This is unbelievable. According to yesterday’s Christian Science Monitor, an Italian court sentenced six scientists and a bureaucrat to six years in jail for failing to predict a 2009 earthquake in L’Aquila, a small city in the center of the country. That quake toppled ancient buildings and killed 309 people.
They were sentenced not for scientific inaccuracy, but for manslaughter.
Today, a court in the central Italian city of L’Aquila, 380 years after that miscarriage of justice, sentenced six scientists and a government bureaucrat to six years in jail on manslaughter charges for their failure to predict a 2009 earthquake that left more than 300 people dead.
. . . The seven convicted men stood accused of “inexact, incomplete, and contradictory” information about the risks posed by tremors in the weeks ahead of the April 6, 2009, earthquake that caused so much destruction.
The seven, all members of the “National Commission for the Forecast and Prevention of Major Risks,” were convicted after an apparently emotional trial in which the testimony of people who had lost loved ones was allowed, as if it was relevant to the question of whether current science can predict earthquakes. No grief, no matter how great, can answer that question (which is a resounding “no,” by the way).
As we all know, especially Americans who live in California, there is no way to predict when an earthquake will take place, even with advanced technology involving sensors placed along fault lines. Residents of San Francisco, for instance, all know that The Big One is Coming, but you don’t see people scrambling from of the city. It could happen today, or in a century. (Wikipedia has a decent article on the methods and success of earthquake prediction.)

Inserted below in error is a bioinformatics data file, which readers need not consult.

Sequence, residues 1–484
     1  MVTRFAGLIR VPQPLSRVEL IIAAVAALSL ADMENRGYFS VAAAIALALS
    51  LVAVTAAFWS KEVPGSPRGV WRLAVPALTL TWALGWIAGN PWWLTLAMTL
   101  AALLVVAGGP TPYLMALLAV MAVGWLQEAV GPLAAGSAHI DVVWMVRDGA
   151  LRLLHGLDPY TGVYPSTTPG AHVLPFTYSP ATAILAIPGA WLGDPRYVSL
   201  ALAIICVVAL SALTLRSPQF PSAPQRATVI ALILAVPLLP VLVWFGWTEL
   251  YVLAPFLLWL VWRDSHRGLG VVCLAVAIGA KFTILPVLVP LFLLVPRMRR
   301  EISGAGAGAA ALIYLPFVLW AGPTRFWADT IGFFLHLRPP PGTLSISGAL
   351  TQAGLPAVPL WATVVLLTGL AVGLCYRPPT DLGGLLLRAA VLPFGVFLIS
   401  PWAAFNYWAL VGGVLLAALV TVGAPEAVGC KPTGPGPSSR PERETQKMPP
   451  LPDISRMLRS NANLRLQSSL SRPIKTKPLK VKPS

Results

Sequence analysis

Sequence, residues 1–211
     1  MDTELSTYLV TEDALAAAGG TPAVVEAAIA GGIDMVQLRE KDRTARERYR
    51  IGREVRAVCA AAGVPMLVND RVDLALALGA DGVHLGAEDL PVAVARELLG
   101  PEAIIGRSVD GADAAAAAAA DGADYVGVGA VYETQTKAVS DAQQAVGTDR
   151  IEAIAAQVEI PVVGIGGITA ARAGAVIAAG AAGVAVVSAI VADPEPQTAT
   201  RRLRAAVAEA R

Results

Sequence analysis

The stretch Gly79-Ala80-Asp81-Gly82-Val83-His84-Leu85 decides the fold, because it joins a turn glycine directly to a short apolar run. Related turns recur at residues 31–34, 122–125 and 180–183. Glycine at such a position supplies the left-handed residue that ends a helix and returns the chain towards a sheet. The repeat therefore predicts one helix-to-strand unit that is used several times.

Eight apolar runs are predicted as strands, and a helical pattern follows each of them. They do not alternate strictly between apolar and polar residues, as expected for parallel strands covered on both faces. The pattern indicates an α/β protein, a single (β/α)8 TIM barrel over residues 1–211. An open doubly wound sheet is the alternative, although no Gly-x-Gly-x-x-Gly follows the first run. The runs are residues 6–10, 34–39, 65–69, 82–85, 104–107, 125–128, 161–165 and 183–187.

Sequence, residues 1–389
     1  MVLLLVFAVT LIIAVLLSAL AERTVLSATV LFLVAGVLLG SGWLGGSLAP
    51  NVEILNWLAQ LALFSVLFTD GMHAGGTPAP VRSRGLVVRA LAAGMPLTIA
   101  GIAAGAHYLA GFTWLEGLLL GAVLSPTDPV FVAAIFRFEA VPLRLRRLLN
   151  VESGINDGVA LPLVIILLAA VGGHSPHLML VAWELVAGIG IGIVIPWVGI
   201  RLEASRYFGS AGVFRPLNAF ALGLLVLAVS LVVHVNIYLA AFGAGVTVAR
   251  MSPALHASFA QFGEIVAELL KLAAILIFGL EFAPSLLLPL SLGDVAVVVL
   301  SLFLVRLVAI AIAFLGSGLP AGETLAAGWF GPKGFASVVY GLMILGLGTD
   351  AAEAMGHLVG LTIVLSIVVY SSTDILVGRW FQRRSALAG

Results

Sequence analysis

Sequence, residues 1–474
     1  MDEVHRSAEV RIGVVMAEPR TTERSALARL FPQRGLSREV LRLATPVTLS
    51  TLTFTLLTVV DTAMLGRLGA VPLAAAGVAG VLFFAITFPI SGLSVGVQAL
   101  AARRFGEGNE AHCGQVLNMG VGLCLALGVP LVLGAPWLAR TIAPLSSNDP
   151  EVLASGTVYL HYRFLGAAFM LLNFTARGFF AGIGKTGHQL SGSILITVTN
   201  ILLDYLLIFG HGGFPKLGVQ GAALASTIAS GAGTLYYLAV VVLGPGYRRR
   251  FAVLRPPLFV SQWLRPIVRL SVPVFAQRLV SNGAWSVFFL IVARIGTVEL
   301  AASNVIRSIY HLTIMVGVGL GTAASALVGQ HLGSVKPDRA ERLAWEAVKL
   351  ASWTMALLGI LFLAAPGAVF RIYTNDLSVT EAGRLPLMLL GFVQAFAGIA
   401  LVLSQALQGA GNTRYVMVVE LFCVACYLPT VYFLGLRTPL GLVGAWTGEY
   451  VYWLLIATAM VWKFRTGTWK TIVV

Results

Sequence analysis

The CSM continues:
The scientific consensus has been clear on this for some time. As much as the world would like the ability to predict earthquakes, it’s eluded the best efforts of scientists for decades. The plate-tectonic revolution in geology held out some hope for greater predictive abilities as it gathered steam in the 1950s and 1960s. But while scientists have a much better understanding of why earthquakes happen and where they’re likely to occur than at any point in human history, their predictive powers are so vague as to be practically useless – beyond recommending people shouldn’t live in quake zones like L’Aquila. People are generally resistant to such advice though. The city was rebuilt after major earthquakes in the 15th and 18th centuries, just as it has been rebuilt now.
Exactly what did they do to deserve six years in stir? Joel Cohen, a professor at Rockefeller University (and one of my old professors at Harvard) explains what the miscreants did:
Italy’s National Commission for Prediction and Prevention of Major Risks, which comprised the seven men now on trial, met in L’Aquila for one hour on March 31, 2009, to assess the earthquake swarms. According to the minutes, Enzo Boschi, President of the National Institute of Geophysics and Volcanology, was asked if they were precursors to an earthquake resembling the one in 1703. He replied: “It is unlikely that an earthquake like the one in 1703 could occur in the short term, but the possibility cannot be totally excluded (emphasis added).”
In fact, other seismologists agree that that statement was the most informed one possible at the time.
That’s science, folks. We can make statements about likelihood of tectonic events, but can never have complete certainty. In fact, we can’t totally exclude the possibility that evolution didn’t occur either, though, given the mountain of evidence supporting it, that possibility is extremely unlikely.
PuffHo has more information, including a BBC video of the quake, the trial, and statements by residents. (The video continues after the first pass-through).
The convicted are appealing (I hope the scientists haven’t been jailed yet), and I trust the Italian courts will come to their senses. If they don’t, the upshot is this: Italian scientists will no longer make informed predictions about anything of social import lest they languish in jail for making a mistake. The court needs to learn a lesson that scientists have long absorbed: we don’t know anything with absolute certainty (though we know some things with near-certainty).